Terming the International Cricket Council (ICC) a 'politicised body divided between Asia and West,' Pakistan Cricket Board (PCB) chief Ramiz Raja said 90% of cricket's parent body's revenues are dependent on India and if they decide to stop funding, then it can be curtains for Pakistan cricket.
Appearing before the Senate Standing Committee on Inter-Provincial affairs on Thursday in Islamabad, Ramiz revealed 50% of PCB's budget comes from ICC funding and added it was time for the PCB to reduce that dependence by starting to tap the local market.
"The ICC is a politicised body divided between the Asian and Western blocs and 90 per cent of its revenues are generated from India. It is frightening," the PCB Chief said.
"In a way, India's business houses are running Pakistan cricket and if tomorrow the Indian PM decides he will not allow any funding to Pakistan, this cricket board can collapse," he added but did not elaborate on the specifics.
Talking about the pullouts from New Zealand and England, Raja said it was 'unacceptable' as New Zealand Cricket is yet to provide them with details about the security threat that prompted them to fly out of Rawalpindi hours before the scheduled first ODI.
"What New Zealand did was unacceptable because till now they have not shared any information with us on what led them to abandon the series in Pakistan. But they are now trying to reschedule the series," he said.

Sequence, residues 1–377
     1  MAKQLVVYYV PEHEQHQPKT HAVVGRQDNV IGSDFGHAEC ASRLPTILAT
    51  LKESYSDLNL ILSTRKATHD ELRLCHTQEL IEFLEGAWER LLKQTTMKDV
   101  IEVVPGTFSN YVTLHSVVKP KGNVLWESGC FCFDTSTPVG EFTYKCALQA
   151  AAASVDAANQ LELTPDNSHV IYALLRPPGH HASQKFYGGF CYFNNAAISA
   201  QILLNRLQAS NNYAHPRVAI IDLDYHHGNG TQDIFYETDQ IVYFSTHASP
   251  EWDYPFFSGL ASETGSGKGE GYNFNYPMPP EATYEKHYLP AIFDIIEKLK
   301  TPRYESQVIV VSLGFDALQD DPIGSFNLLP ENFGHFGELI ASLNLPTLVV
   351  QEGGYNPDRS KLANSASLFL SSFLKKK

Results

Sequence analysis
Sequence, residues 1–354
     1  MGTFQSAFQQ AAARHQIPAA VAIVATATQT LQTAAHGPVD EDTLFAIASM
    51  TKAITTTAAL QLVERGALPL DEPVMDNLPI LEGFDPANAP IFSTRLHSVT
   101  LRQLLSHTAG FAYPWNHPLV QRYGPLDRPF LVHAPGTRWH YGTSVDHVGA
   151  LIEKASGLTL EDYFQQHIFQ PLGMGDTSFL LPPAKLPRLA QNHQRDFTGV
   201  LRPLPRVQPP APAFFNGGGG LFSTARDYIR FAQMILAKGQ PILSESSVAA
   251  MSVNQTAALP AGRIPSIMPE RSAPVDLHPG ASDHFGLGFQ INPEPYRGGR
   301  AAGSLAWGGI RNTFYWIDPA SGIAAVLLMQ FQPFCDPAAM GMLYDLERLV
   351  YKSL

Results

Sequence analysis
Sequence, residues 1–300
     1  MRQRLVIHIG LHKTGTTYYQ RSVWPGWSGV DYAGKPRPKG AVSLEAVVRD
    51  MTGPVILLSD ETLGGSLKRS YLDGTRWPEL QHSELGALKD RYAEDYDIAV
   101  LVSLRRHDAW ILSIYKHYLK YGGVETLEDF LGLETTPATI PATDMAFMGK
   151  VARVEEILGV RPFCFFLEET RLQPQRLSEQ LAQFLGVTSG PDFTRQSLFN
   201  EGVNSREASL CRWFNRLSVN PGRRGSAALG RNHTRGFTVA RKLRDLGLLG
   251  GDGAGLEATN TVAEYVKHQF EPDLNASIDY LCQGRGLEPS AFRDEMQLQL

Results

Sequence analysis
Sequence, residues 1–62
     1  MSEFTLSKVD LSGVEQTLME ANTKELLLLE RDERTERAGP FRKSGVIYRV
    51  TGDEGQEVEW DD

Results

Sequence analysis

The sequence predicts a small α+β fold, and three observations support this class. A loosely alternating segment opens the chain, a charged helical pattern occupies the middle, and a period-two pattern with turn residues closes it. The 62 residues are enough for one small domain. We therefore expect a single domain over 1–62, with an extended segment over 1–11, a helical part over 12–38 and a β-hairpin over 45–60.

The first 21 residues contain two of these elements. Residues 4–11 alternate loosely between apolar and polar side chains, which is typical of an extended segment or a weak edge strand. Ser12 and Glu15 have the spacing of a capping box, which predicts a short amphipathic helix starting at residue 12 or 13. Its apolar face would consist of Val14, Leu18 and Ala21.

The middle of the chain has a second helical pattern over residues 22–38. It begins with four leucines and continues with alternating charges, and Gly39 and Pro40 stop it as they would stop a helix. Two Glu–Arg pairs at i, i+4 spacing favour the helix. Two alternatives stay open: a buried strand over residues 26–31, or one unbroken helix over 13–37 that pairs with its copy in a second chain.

Ramiz hinted that there could be some good news regarding the postponed New Zealand series in a week's time.
He indicated that the New Zealand cricket board was working on a new schedule to tour Pakistan.
"The good thing is they are working on something which means they want to mend things with us."
The New Zealand cricket team had arrived in Pakistan on September 11 for the first time in 18 years to play three ODIs and five Twenty20 Internationals but left on September 19 without playing any match after their government and security agencies cited security concerns.
Ramiz, in a candid briefing to the Senators, also said he would unveil his plans for Pakistan cricket and the board in a week to 10 days' time.
"To me, it is simple if the national team cannot do well and win matches it means that everyone in the board from the tea man to the top official have failed in their duties," he said.